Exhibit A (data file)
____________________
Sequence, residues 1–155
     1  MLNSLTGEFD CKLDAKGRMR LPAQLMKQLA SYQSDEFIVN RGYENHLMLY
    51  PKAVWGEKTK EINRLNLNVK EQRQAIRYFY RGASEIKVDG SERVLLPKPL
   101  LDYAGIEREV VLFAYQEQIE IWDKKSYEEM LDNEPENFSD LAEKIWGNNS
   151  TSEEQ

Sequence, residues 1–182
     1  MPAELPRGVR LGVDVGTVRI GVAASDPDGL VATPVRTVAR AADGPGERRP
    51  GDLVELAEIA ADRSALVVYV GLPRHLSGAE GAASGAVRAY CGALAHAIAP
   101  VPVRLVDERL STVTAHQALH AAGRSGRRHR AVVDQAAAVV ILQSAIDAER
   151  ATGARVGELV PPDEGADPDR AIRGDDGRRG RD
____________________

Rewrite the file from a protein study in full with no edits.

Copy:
Sequence, residues 1–155
     1  MLNSLTGEFD CKLDAKGRMR LPAQLMKQLA SYQSDEFIVN RGYENHLMLY
    51  PKAVWGEKTK EINRLNLNVK EQRQAIRYFY RGASEIKVDG SERVLLPKPL
   101  LDYAGIEREV VLFAYQEQIE IWDKKSYEEM LDNEPENFSD LAEKIWGNNS
   151  TSEEQ

Sequence, residues 1–182
     1  MPAELPRGVR LGVDVGTVRI GVAASDPDGL VATPVRTVAR AADGPGERRP
    51  GDLVELAEIA ADRSALVVYV GLPRHLSGAE GAASGAVRAY CGALAHAIAP
   101  VPVRLVDERL STVTAHQALH AAGRSGRRHR AVVDQAAAVV ILQSAIDAER
   151  ATGARVGELV PPDEGADPDR AIRGDDGRRG RD